LOST Finale: The Morning After and 10 Unanswered Questions

Well, here we are. LOST is officially over. Like most fans, I'm left a little stunned by the finale. A little touched emotionally, in a good way, at having to say goodbye to some great characters and a historically significant show.

I'm also extremely frustrated.

What frustrates me the most? The fact that the writers (Lindelof and Cuse and many others that worked on the show) have prepared for my frustration. They're ready to shirk it off. For weeks they've been giving interviews and saying they wouldn't answer questions when the finale was over because they wanted the show to speak for itself.

Well, the show didn't speak for itself.

It was vague. Vagueity vague vague vaguerino. Vagueinstein. I'm sure they'll say that was the plan, to keep it open to interpretation. Let me tell you, a little of that goes a long way. I have six years worth of questions, six years worth of stakes in the story and the characters that are going to go forever unexplained. Not just because they weren't answered on the show, but because the writers are going to refuse to answer them. Probably in an effort to make people feel stupid. Maybe in an effort to save face.

Last night's finale was, "You just didn't get it." the episode. I can hear it coming now. Well writers, that's a lovely way to give the middle finger to an audience that sponsored your salary for six years, that cared about the characters you created. The very LEAST you can do is explain yourself if you can't explain the story.

But I did "get it". I got what the writers wanted me to get. Which was not much of anything except an overarching theme. I understand the character arcs, how they grew as people and why over the series. How they changed. Central themes. Relationships.

Here are some things I don't get...

1. What exactly WERE those huge world-ending stakes that everyone was facing if Locke/the man in black were to get off the island? We were only told that it would be bad, oh so very BAD, over and over again. But no reason was ever given.

I guess that was supposed to be enough. But as an audience, we've been through a lot with LOST. We deserved to have the basic motivation for at least the last season revealed. What was the feared risk? The unleashing of hell? The metaphysical clash of a spiritual being with real people? What, what, what?

2. Who were Jacob/the man in black/their mother? Why were they different than the other people on the island? What made them God-like or Gods? What exactly happened to the man in black that left him as a giant smoke cloud when he re-emerged from the light?

I understand the basic concept of it, Jacob shouldn't have killed him, people can't go into the light and come back, I get all that...but WHY?

3. What exactly was the light, for that matter? We assume hell or reality or the afterlife? We get the basic premise, but WHAT exactly was it? A glowing red light and a smoke machine are not enough to satiate viewers after six years of mystery. What did Jack uncork? Seismic pressure that would crumble the world? Satan himself? Hell?

4. What was with the four-toed statue? Was it one of the many civilizations we are supposed to assume has come and gone on the island? Was it another iteration of humanity itself? Why was Jacob living at it's base?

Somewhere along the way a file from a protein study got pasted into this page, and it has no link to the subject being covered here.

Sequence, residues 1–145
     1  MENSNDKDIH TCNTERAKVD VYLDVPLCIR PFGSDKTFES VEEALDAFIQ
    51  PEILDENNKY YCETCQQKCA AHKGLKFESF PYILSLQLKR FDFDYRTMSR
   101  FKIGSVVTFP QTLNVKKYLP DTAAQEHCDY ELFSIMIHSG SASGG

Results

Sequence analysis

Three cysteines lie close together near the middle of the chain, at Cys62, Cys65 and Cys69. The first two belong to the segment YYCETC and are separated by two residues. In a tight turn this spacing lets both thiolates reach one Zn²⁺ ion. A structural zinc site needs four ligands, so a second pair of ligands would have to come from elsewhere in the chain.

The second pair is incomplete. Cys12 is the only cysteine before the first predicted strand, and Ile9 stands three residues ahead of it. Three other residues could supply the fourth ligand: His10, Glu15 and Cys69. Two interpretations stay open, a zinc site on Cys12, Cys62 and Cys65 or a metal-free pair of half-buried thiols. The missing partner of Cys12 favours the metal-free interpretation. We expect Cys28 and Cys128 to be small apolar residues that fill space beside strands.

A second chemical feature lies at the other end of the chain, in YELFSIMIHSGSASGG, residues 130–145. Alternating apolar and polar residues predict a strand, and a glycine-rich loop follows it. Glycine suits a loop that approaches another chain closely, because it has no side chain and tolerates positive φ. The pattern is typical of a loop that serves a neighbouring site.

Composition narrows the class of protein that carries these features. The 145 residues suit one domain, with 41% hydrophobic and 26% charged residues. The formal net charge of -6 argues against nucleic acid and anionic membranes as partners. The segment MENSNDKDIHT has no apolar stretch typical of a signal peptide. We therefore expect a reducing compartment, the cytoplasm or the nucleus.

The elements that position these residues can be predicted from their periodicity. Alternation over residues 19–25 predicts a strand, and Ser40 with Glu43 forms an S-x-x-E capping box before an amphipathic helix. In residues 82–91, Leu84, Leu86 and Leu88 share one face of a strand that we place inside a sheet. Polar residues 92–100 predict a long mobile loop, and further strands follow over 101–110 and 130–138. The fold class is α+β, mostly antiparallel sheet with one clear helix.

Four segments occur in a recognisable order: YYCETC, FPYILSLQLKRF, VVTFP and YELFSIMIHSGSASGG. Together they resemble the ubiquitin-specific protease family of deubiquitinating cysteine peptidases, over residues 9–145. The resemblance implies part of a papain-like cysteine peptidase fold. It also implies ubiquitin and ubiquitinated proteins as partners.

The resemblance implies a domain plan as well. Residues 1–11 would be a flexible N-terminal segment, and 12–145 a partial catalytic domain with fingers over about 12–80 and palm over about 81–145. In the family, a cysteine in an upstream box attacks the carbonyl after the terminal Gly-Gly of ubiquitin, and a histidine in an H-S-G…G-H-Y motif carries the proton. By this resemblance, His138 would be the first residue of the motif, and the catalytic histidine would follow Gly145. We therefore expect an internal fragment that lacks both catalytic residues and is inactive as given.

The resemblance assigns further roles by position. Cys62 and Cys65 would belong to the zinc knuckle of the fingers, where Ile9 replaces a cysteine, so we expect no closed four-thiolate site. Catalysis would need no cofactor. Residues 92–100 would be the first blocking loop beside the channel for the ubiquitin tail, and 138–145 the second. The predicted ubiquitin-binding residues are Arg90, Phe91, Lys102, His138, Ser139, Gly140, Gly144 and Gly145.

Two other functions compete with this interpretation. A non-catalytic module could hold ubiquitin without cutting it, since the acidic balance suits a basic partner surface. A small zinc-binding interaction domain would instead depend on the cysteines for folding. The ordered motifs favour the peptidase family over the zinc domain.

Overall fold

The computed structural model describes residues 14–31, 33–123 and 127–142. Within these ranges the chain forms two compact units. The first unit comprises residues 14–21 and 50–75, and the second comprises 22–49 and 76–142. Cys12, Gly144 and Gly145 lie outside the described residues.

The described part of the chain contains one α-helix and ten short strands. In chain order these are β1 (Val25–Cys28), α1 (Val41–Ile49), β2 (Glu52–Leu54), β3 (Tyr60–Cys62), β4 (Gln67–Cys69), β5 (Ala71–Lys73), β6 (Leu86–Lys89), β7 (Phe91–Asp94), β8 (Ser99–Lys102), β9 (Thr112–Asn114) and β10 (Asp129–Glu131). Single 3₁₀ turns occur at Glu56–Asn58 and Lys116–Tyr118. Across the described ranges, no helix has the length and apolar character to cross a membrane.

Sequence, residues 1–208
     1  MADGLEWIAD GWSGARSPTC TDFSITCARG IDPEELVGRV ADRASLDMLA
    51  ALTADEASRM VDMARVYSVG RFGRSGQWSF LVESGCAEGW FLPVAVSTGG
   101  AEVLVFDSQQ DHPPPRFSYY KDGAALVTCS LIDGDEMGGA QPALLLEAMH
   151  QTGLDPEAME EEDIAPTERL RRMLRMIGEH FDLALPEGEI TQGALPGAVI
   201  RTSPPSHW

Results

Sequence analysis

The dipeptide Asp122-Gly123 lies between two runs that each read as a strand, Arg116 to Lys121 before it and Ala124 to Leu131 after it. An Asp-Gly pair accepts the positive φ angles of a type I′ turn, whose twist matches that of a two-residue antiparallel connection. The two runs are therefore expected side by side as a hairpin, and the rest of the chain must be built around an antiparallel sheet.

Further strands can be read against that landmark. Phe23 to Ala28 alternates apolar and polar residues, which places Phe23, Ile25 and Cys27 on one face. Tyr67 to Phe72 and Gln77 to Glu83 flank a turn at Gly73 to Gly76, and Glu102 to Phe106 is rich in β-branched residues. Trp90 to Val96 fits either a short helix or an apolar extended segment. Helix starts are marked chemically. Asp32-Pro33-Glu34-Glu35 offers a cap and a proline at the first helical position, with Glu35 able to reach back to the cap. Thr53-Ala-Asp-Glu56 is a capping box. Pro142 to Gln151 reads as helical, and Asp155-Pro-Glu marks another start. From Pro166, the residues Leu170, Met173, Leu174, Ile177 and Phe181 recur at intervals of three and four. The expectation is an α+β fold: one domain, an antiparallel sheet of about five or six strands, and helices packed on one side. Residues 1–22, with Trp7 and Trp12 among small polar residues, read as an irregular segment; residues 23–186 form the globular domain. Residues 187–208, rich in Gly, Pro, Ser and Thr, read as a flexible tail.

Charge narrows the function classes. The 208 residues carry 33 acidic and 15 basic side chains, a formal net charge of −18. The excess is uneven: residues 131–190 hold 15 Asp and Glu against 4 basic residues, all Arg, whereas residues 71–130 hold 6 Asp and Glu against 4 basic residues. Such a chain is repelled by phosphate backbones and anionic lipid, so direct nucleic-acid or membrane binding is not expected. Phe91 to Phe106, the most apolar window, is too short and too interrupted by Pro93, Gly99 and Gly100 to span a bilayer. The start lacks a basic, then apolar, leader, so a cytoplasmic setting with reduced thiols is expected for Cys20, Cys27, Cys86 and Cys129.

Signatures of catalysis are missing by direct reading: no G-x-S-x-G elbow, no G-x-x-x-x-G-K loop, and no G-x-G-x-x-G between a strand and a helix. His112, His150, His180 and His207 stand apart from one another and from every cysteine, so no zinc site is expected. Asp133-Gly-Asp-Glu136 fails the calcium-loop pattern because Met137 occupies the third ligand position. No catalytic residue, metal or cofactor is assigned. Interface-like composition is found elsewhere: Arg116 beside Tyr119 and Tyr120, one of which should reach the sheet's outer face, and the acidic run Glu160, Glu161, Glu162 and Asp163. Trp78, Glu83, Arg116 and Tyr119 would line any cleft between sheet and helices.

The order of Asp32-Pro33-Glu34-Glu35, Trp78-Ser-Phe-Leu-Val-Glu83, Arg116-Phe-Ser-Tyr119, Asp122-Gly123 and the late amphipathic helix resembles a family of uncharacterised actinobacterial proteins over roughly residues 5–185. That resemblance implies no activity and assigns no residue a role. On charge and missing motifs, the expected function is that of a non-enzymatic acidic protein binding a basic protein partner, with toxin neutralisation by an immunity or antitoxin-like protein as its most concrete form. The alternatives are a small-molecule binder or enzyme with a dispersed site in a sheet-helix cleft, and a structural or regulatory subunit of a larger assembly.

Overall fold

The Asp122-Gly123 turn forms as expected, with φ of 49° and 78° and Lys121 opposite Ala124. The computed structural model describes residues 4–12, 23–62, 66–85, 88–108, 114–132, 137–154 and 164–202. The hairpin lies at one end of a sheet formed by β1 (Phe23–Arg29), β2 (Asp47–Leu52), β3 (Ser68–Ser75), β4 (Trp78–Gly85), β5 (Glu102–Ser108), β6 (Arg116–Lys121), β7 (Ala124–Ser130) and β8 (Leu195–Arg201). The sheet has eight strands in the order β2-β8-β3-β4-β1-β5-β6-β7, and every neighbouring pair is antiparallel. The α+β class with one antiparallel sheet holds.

5. Where was Walt in the church? And for that matter, Michael shouldn't have been the only one condemned to the island. A lot of other people in that church committed far more heinous crimes than killing to keep their child alive. I've said it before and I'll say it again, Michael got a RAW DEAL.

Also, where were the tailies? Where were the others?

The rules were not set up clearly enough for the audience to understand why that specific selection of people made it, while others didn't. I guess we were supposed to be so sad and moved that we wouldn't notice. Well, I noticed.

Characters in the show were disposable, seemingly due to outside reasons that we all heard about in the press (several of the tailies misbehaving on Hawaii and then being mysteriously killed in the show, Nicki and Paolo being unpopular). That says something to me about the fact that we as viewers were set up to believe that everything was for a reason, but really, not so much.

6. The flash sideways, real or not? When did reality cease and "Oh, we're all dead and we don't know it" begin? Was there any point to the Oceanic Six making off the island "alive"? Was there any point to anything happening on the island other than for people to remember that they were dead?

What kind of a false reality/extension of purgatory has working airlines and hospitals and concerts and police stations? I'm sure smarter people will have understood a timeline here, but I haven't figured it out. So please, someone explain when the dead-ness began.

7. The numbers, the intertwining of everyone in the island pre-plane crash. Coincidence? Also something I don't understand? What are we supposed to understand was the reason that everyone seemingly knew each other ahead of time and why did the numbers that connected them/haunted Hurley matter? Are we to believe that every human being is connected as such and we're just too busy with the minutiae of our daily lives to notice?

8. The island itself...real or not real? Was the science team dead or alive? Was it an actual physical place or simply a spiritual one? Was it a real place with spiritual significance, perhaps? All six years we were lead to believe that the island was a metaphysical Jurassic Park, a place where anything could happen. A place real people could find. Yet it was also mysteriously hidden through space and time with a dangerous electromagnetic core and it was possible to move it to somewhere or somewhen, via giant wheel.

Soooo...was that just a cool premise that the writers came up with and they had no idea how to make it concrete or explain it?

Because let me tell you, one of the reasons I watched was specifically because of the mystery of the island. That was the main draw outside of the interesting characters, whether the writers will admit it or not, it was the mystery. And mysteries provide answers. Imagine Sherlock Holmes being like, "You know what? It doesn't really matter how this person died. Let's just meditate on the fact that he did and it brought Watson and I together and all religions are true, I guess."

In that case, you can probably just forget about answers. Because the writers are just too darn smart to give them to you and beside that, they don't "matter".

I know I'm mid-tantrum as is, but allow me another moment: As a viewer, I feel punished. The inference, for me, was that all of these references meant something. The character names, the books they were reading, the religious symbolism, all of it was supposed to come together to MEAN something.